But George W. Bush is more than just the anti-Clinton. His inaugural address was refreshingly brief, eloquent, and to the point. He assembled a cabinet composed not only of people of singular range and competence, but symbolic of a self-assured managerial style: He does not seem to care who gets the credit, but whether the job gets done. He set in motion those policies he promised to implement -- on taxes, education and defense -- and wasted little time cleaning up minor messes. Despite a truncated period of transition, there has been no gays-in-the-military debacle, no humiliating search for jobs based on sex, no secret decision to socialize medicine, no Lani Guinier or $200 haircut on the runway.

Above all, Bush has demonstrated a deft political touch that has left Washington largely speechless. While a lesser politician would have hunkered down in the White House, angry at he spiteful post-election rhetoric, Bush's "charm offensive" has confused and flustered the Democrats. His tax cut and education reforms have already gained enough support across the aisle to qualify for bipartisan status. The Kennedy family could scarcely refuse his invitation to watch the Kevin Costner clunker, Thirteen Days, in the White House. And nobody expected Bush to show up at the Democratic legislative retreat in Pennsylvania, without handlers or advisers, to talk and answer questions. Indeed, the remarks of one member (Rep. Carolyn Maloney of New York) were so gratuitously offensive that members apologized to Bush the following day.

All of this, needless to say, is still early: Success is measured in years, not weeks, congressional Democrats will score points along the way, and the GOP majority in the Senate hangs on the beat of one 98-year-old heart. Still, George W. Bush has proved to be smarter, wiser and more talented than his opponents. And the style and philosophy that served him well in Austin seems destined to translate successfully to Washington.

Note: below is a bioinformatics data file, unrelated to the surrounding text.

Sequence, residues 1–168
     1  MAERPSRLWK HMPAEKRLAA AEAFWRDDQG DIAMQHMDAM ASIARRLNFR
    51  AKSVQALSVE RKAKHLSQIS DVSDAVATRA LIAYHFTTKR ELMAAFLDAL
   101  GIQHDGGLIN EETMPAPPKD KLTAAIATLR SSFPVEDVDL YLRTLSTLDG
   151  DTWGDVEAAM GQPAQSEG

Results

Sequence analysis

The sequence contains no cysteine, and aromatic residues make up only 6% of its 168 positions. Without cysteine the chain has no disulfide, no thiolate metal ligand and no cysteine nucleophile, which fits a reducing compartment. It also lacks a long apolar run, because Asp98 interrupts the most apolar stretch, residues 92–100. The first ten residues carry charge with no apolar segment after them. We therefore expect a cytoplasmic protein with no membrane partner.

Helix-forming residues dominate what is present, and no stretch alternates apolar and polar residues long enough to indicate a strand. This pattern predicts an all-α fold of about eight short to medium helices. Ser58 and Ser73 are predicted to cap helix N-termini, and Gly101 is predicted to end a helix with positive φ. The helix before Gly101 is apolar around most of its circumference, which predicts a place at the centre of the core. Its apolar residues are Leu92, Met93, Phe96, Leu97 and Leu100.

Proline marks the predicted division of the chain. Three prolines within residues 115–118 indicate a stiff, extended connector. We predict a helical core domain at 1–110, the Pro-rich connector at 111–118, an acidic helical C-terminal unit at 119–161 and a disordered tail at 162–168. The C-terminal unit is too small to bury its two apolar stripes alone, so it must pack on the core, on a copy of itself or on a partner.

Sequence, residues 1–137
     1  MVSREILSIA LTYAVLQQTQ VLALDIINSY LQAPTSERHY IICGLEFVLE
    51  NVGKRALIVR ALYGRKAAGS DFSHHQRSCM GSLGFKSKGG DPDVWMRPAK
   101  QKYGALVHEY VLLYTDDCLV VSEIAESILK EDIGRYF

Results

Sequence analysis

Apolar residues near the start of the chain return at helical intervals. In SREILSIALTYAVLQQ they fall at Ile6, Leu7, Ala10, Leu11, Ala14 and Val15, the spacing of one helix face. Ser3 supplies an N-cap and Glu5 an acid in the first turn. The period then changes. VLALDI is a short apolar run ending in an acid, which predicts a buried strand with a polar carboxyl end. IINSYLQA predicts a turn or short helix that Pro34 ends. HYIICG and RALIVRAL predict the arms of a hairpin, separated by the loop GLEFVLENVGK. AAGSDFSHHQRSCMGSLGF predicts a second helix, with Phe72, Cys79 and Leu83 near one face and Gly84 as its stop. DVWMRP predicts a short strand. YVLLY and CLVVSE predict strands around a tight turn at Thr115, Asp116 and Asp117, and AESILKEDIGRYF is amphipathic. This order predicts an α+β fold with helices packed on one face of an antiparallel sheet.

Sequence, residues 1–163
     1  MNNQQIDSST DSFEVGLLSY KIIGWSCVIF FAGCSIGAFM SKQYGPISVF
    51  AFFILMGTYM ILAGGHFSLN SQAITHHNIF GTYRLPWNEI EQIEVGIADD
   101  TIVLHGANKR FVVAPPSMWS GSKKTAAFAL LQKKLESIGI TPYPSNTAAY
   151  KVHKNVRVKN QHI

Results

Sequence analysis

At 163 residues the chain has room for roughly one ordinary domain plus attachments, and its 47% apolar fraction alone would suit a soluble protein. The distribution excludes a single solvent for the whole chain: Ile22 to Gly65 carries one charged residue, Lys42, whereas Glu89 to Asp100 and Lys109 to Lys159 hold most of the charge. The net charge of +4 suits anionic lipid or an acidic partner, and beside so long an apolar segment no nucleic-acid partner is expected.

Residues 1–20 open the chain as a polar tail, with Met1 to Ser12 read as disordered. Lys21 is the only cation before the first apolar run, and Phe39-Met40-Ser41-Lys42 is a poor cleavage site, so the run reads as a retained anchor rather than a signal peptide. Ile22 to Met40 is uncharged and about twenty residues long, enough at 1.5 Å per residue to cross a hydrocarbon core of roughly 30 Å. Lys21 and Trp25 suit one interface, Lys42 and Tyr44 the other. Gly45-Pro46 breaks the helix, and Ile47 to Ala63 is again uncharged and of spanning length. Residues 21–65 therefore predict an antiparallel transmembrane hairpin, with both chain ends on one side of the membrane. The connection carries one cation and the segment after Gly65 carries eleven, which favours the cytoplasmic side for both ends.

JWR contributor Philip Terzian is associate editor of The Providence Journal. Comment by clicking here.


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02/05/01: Their brother's keeper
01/25/01: The quantity of mercy
01/22/01: Run, Jesse, run
01/18/01: Clinton knows history's verdict
01/16/01: Take this job and ...
01/09/01: Washed in the blood
01/04/01: Up for the count
12/26/00: Remembering Comet Lindsay
12/20/00: Cooling down
12/18/00: Presidential legacies are not so obvious to contemporaries
12/13/00: Cops and soccer moms
12/11/00: The 'Net horrifies Stephen King
12/04/00: Downey behind bars
11/29/00: By any means necessary
11/16/00: Government sanctioned historical revisionism?
11/10/00: Breaking news: They don't know
11/09/00: Steve Allen: Smart TV
11/07/00: The November surprise
11/01/00: Take the Lieberman test
10/30/00: P.S. Don't tell Congress!
10/25/00: The election is close, but ...
10/23/00: King or jester?
10/19/00: The Million T-Shirt March
10/16/00: I like (fill in the blank)
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08/28/00: Blame communism, not Russia
08/24/00: Social progress on one front, regression on the other
08/21/00: The beat goes awry
08/17/00: The unwelcome democrat

© 2001, The Providence Journal